The parameters of the 'Whale Rider' begin and end with simplicity. Its a story, a journey, a walk into the life of a little Maori girl named Paikea. Born under unwanted and unavoidable circumstances beyond her power to mend, she steps into the world with the thirst to fulfill a destiny her grandfather refuses
Innumerable events reinforce the fact that she is a
girl born in a male dominated tribe, which demands
by tradition the leader to be a first born son - a
direct patrilineal descendant of Paikea - The Whale Rider.
As an unfortunate episode unfolds during the birth of Paikea, she loses her mother and her twin brother, leaving her grandfather to curse her being at every available occasion.
The silence of her grandfather throughout the movie highlights that characteristic beautifully. His expressional, numb face is sure worth a mention. To add to it, the frustration of the grandmother for being caught amidst the demands of the society, the stubborn attitude of her husband and an innocent girl is captured over a subtle narrow base.
The elements that cannot be ignored undoubtedly surround the girl as she narrates the story through her actions, manners, expressions and body language. The most explosive scenes are probably the most silent ones in the movie. Defining a new line of film making coming to surface along with the ingredients of art direction and costume designing that further adds to the existing simple flavor of the movie.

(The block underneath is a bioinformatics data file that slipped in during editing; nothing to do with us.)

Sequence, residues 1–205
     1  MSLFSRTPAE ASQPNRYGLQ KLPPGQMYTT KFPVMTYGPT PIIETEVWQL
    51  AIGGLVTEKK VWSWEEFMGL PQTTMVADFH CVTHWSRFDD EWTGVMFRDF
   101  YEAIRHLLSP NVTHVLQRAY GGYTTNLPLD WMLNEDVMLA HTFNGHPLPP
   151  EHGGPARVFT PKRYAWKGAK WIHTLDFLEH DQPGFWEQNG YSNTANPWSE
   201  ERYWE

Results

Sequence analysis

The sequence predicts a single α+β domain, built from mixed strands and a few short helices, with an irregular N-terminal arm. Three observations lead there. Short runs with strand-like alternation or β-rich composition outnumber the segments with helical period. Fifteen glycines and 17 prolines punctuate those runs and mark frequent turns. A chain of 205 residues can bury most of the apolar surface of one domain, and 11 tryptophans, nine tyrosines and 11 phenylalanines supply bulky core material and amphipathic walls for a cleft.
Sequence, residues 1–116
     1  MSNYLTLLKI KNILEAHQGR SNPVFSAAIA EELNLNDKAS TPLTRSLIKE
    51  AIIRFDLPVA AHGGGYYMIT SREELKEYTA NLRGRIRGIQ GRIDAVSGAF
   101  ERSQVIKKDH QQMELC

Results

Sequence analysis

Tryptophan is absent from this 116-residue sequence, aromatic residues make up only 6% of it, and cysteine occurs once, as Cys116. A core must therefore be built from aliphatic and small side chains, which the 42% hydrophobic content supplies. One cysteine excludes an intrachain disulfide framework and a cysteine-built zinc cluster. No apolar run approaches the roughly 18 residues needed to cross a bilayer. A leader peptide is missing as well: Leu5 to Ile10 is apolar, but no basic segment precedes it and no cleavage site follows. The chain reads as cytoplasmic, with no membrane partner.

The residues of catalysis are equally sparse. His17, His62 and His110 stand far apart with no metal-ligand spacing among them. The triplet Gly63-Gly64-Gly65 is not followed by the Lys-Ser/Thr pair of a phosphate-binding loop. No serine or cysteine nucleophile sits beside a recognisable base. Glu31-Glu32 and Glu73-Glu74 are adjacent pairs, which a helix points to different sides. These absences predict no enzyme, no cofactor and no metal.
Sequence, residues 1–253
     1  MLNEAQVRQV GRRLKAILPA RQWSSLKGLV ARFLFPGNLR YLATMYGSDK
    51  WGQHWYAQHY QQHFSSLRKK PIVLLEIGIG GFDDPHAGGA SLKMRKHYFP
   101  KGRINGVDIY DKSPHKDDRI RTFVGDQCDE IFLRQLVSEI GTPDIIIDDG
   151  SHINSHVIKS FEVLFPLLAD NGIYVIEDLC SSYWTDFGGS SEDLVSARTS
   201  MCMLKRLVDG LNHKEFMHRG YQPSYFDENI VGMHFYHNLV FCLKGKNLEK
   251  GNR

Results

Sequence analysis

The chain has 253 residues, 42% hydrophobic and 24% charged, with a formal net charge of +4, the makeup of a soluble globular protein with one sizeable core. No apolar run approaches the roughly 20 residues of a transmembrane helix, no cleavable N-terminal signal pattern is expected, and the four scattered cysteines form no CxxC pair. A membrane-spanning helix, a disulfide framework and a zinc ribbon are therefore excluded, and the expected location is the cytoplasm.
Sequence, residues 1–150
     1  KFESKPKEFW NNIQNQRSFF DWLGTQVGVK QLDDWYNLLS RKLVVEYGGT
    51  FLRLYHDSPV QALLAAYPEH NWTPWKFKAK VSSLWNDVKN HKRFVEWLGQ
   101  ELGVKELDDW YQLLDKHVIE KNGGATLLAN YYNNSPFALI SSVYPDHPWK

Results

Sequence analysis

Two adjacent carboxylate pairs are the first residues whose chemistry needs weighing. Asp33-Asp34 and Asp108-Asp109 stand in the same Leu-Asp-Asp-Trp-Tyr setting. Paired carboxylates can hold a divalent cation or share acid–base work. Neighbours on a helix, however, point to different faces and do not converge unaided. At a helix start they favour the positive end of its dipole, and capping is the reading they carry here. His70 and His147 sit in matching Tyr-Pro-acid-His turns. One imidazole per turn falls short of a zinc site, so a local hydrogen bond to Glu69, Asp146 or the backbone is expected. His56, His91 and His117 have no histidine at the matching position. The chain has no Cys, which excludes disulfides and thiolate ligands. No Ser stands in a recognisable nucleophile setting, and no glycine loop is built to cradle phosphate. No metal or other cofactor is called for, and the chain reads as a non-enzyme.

Paikea's clothing cannot be unnoticed, her innocent smile fills your heart, her simple make up completes her expressions and the landscape of Maori fills the framework well. A mention of the pace is a must in this movie, for the slow pace acts as the turning point in her life doing justice to various episodes and transitions.
Paikea's father though of insignificant space in the movie, makes his presence felt only during specific occasions, does adding to her existing struggle for her true desires, wants and freedom. A scene in the movie on the shore where the girl cries and pleads to her father to allow her to move in with him is simply beyond brilliant.
'Whale Ride' as the titles suggests is an ancient Maori tradition of leadership where the leader is the one who rides a top of a whale. And Paikea's journey is that of a whale rider, who is bold enough to confront the past, stand up against who ignore her presence by maintaining her strong stance and the want to face the future of freedom.
A make like this requires sincere understanding of the small yet varied scale of the various emotions and sentiments that need to be projected. A job well done in that aspect. Though at time a stagnant shot seems to really lead nowhere, yet its entire encounter projects the fragile impulse the director is trying to embellish upon. Niki Caro has indeed done an outstanding work and the little girl, Keisha Castle Hughes, was nominated for Academy Award for Best Actress for her performance, becoming the youngest actress ever nominated for the award, thanks to – ‘Whale Rider’.